In the modern world we live in with Web Services, RPC calls and the like, SQL server has had a lot of work on its hands trying to keep its followers from leaving to newer ways to store data such as document databases. Microsoft SQL server is like an old friend that developers have either come to love or hate – but like old friends, they may have been keeping some secrets. One of these hidden gems appears in the shape of native XML output support for queries.
One of the niggling that often happens when your deployed to a cheap shared hosting environment is having your table owners change on you. If you have created a data access layer that references tables using their long name this is an issue. This can be caused by a deployment script not maintaining user permissions on your tables or maybe you’re using a web console to interract with you database like myLittleAdmin and it doesn’t allow you to create a table under any user but your own.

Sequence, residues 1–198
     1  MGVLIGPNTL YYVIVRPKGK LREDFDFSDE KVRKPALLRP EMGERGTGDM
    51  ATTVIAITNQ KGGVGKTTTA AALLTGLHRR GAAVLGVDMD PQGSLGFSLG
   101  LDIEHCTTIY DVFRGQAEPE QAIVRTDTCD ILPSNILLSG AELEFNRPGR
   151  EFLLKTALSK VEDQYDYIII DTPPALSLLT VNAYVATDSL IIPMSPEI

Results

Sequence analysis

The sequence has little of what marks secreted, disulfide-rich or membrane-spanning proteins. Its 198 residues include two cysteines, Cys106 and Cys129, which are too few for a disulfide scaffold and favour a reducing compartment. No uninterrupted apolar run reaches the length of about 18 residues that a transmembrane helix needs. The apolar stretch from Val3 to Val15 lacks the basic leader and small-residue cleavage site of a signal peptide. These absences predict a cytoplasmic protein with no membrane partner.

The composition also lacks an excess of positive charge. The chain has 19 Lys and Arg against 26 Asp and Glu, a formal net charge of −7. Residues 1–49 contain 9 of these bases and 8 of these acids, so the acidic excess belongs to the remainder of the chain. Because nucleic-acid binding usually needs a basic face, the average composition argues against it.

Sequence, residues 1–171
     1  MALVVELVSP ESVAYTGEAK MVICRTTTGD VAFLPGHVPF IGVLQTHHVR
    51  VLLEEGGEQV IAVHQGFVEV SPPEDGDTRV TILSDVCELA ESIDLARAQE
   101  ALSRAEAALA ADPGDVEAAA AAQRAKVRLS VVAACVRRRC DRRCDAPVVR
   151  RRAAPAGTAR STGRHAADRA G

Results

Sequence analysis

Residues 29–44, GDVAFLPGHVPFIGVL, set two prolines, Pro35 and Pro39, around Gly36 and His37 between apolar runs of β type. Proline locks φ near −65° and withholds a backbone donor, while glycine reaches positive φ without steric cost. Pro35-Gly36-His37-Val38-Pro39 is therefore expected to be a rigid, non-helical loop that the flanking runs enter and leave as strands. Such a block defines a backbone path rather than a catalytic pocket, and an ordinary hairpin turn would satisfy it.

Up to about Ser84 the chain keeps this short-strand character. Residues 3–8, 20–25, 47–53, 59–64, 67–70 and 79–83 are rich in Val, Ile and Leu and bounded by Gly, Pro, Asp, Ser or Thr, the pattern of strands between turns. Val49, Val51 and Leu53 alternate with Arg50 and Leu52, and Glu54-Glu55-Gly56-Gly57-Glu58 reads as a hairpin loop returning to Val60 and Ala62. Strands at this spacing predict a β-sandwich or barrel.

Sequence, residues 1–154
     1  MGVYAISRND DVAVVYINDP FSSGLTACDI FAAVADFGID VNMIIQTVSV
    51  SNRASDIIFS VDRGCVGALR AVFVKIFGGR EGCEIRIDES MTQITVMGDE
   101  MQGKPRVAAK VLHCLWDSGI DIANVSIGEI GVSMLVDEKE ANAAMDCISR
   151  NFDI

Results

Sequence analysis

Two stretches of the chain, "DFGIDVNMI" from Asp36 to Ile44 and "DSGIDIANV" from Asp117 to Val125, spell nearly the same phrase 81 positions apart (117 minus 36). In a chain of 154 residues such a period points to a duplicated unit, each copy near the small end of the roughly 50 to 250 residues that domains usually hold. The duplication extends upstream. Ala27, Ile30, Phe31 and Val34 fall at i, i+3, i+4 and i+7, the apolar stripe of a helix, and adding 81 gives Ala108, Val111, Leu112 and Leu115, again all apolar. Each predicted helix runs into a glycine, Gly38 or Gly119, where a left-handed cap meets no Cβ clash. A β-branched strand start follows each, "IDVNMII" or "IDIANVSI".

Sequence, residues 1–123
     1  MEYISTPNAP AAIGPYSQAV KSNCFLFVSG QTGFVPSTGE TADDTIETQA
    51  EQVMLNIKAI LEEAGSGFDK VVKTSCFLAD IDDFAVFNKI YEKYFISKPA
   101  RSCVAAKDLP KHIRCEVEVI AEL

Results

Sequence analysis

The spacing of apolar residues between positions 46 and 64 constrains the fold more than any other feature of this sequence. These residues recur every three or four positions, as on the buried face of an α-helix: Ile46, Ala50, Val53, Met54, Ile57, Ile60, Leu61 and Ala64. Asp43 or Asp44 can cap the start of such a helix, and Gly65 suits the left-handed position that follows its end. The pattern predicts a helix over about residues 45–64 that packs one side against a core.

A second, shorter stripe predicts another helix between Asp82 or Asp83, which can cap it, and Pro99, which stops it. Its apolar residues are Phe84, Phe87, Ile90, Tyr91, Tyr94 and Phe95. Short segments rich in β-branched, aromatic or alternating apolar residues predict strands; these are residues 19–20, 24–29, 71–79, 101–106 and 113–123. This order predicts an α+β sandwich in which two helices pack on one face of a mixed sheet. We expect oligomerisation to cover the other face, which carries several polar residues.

There are quite a few built-in stored procedures in Microsoft's SQL Server that can help you troubleshoot database issues and make those long nights less painful. Knowing they exist can be a life saver, so lets take a look.
It seems we live in an age where a lot of things are taken for granted on the web. Alternative spellings of things being offered to us when we search is a common example of this – simply look at Google and Bing’s “Did you mean X?” and you’ll know exactly what I'm talking about. At first though this can be seem quite daunting for the everyday web developer, but luckily Microsoft SQL server is here to save the day!